If you haven’t heard of group messaging services, you will soon, most likely because of massive hype about Slack—the current superstar of the tech world. Debuting in early 2014, Slack has eclipsed, at least in the public eye, the former hot messaging app, nearly six-year-old HipChat.
The elder service is now fighting back with a new feature called HipChat Connect, which pulls other apps into its interface so that you spend less time bouncing in and out. The idea behind Connect—which Fast Company recently got an exclusive early look at—is that HipChat should “not be just chat or just chat and video,” says Steve Goldsmith, general manager of HipChat at Atlassian, which bought HipChat when it was a young startup in March 2012, “but really a mission control, the place where you work with your team.”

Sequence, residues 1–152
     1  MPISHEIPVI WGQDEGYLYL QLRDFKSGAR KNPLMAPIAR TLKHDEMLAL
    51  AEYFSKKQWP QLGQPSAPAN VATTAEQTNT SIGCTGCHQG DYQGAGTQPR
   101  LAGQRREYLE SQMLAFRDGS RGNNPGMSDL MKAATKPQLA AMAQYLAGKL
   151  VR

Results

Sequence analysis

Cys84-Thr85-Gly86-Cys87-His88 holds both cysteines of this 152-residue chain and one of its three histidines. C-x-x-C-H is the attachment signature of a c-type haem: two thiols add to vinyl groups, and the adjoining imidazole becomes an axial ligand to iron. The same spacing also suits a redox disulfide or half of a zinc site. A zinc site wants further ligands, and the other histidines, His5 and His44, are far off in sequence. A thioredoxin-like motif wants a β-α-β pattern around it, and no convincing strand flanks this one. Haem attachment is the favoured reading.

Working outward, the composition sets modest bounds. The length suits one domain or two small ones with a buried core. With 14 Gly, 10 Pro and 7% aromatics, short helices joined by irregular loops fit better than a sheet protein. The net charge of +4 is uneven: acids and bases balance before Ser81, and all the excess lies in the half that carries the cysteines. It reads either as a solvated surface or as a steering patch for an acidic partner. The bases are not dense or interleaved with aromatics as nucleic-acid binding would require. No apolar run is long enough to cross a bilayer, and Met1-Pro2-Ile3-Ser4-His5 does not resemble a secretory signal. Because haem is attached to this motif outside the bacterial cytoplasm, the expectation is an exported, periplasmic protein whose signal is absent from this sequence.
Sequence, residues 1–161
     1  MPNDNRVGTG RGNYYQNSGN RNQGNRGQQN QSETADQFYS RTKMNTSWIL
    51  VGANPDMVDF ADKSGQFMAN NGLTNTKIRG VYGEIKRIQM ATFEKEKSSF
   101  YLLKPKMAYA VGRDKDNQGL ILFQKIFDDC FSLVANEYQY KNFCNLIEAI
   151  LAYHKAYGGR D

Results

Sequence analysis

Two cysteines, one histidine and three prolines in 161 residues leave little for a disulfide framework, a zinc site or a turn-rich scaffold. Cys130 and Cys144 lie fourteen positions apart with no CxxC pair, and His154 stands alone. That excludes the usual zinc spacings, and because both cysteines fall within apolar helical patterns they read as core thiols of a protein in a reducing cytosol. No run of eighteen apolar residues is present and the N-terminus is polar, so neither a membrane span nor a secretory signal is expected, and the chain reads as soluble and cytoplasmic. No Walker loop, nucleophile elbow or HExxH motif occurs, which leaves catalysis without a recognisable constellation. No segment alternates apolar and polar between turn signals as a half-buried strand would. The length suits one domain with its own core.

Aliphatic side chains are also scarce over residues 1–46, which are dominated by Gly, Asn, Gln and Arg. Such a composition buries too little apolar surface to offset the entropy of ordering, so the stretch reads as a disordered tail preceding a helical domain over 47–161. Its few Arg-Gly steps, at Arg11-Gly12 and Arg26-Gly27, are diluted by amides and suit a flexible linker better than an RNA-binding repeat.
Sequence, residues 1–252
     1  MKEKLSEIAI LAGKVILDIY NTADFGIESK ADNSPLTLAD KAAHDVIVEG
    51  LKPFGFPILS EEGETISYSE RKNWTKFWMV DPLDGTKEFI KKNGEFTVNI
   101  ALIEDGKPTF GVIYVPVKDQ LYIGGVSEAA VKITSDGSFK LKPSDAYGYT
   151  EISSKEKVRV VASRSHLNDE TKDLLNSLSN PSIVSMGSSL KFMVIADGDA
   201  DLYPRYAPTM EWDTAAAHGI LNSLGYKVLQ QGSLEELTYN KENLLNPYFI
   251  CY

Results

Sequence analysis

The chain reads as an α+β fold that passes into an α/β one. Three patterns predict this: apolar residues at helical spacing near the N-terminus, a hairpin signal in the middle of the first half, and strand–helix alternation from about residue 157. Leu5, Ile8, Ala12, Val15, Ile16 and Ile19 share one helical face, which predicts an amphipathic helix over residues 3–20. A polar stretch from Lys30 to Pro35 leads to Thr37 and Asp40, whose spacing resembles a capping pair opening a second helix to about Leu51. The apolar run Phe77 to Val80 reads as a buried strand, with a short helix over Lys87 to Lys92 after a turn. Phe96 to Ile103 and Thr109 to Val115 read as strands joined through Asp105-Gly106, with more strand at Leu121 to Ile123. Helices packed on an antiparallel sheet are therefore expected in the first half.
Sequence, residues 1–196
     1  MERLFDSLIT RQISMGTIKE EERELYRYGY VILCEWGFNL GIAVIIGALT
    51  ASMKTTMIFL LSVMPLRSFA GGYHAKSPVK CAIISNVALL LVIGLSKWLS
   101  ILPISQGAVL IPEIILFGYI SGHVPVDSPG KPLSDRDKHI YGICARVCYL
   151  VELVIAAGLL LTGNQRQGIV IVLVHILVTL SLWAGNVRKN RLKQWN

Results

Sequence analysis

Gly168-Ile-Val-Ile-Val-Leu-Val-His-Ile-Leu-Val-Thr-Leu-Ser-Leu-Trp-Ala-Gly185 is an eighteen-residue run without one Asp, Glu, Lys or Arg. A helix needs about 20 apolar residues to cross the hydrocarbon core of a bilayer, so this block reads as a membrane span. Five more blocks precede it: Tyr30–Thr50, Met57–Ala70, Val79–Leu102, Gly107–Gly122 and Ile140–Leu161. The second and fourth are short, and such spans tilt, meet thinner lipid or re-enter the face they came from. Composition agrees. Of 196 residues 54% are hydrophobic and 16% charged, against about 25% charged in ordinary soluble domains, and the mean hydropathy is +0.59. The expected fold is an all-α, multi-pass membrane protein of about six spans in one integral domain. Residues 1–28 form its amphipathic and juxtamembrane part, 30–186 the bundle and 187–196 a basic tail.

The launch of Connect comes at a crucial point. Group messaging is booming as a real-time alternative to the tortured back-and-forth of reply-all emails. Slack is easy to use, with a cheery, casual design that’s inviting to newcomers—traits that also made HipChat popular. Slack, however, seems to have an Apple-like momentum that makes it feel like the first and only innovator in the market.
One of Slack’s oft-praised features, for instance, is its integration of other apps, such as Dropbox and Google Drive, for sharing files with coworkers right in the chat room, or Zendesk for handling customer support requests. But HipChat integrates about as many apps (around 100), and many of the same ones, such as Google Drive and Zendesk. Now, it’s about to pull apps in much tighter through Connect, which allows them to run completely inside the HipChat interface—a bit like games inside Facebook—rather than requiring you to click off to another app or site, as is often the case now with both HipChat and Slack.